Advances of the interleukin‑21 signaling pathway in immunity and angiogenesis (Review)

  • Authors:
    • Ming‑Jie Yuan
    • Tao Wang
  • View Affiliations

  • Published online on: April 27, 2016
  • Pages: 3-6
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Interleukin‑21 (IL‑21) and its receptor (IL‑21R) are broadly expressed on human B cells, activated T cells and other myeloid cells. IL‑21 cooperates with IL‑6 and transforming growth factor‑β to regulate T‑cell differentiation. IL‑21‑mediated human B cell and dendritic cells differentiation requires signal transducer and activator of transcription 3 (STAT3), and also induces B‑cell apoptosis dependents on the Toll‑like receptor signal. Recently, in vitro and in vivo experiments showed that IL‑21/IL‑21R regulate angiogenesis through STAT3. IL‑21 signaling pathways are complex due to its cooperation with other transcriptional factors, such as interferon regulatory factor 4 and granulocyte‑macrophage colony‑stimulating factor. The Janus kinase‑STAT pathway has been the most extensively studied. With the increase in the understanding of IL‑21 biology in the context of each specific disease or pathological condition, IL‑21 could be a new therapeutic target for immune‑related disease.


Interleukin-21 (IL-21) and its receptor (IL-21R) were identified in 2000 (1). IL-21 is primarily produced by cluster of differentiation 4+ (CD4+) cells and natural killer cells, while IL-21R is broadly expressed on human B cells, activated T cells and other myeloid cells (2,3). IL-21 is a pleiotrophic cytokine that is composed of four α-helical bundles. IL-21R shares the common cytokines receptor γ chain (γc) with the IL-2 family cytokines, such as IL-4, IL-7, IL-9 and IL-15 (4). In addition, IL-21R has a distinct α chain, and contains six tyrosine residues in the cytoplasmic domain (3,5). This specific IL-21R structure differentiates IL-21R from IL-2R. IL-21 exerts its effect on a broad range of cell types. Increasing evidence shows that IL-21 potently regulates innate and adaptive immune response (68). Furthermore, the role of IL-21 in angiogenesis has also been studied (9,10). In the present review, the recent advances regarding the role of IL-21 in immune cells and angiogenesis are discussed.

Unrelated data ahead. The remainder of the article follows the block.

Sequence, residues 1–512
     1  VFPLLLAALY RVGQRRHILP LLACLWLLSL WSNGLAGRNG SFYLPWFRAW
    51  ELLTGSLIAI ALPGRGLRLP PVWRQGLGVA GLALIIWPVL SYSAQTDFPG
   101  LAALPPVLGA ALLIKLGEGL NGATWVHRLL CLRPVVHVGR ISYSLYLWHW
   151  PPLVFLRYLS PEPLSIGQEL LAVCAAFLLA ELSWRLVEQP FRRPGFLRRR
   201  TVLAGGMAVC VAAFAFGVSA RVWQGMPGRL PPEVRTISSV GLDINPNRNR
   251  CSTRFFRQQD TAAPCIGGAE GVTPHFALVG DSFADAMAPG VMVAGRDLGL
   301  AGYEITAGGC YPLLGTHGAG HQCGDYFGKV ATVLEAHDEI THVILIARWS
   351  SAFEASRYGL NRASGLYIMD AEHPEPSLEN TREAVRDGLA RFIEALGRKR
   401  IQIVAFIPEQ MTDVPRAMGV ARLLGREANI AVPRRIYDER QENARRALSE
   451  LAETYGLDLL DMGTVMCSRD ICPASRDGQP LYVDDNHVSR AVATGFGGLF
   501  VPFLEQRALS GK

Function of IL-21 on immune cells

Although IL-21 is not required for CD4+ T-cell development, it contributes to the functional differentiation of several subsets (11,12), such as T helper 2 (Th2) cells (13,14), Th17 (15,16) and follicular helper T (Tfh) cells (17,18). Th17 and Tfh cells can be generated in the absence of IL-21/IL-21R (16), indicating an IL-21-independent pathway for their development. IL-21 is produced by the Th17 cells, and transforming growth factor-β (TGF-β) and IL-6 can activate Th17 cells even in the absence of IL-21 (19,20). IL-21 regulates the transcription factors B-cell lymphoma 6 (BCL-6) and MAF, which are important to the transcriptional programme of the Tfh cells (21,22). IL-6 can induce Tfh-cell differentiation via its induction of IL-21 production. The number of Treg cells is increased in IL-21- and IL-6-knockout mice, and TGF-β signaling enhances the generation of Treg cells in the absence of either IL-21 or IL-6 (23,24). Thus, IL-21 appears to have a complementary role in regulating CD4+ T-cell differentiation.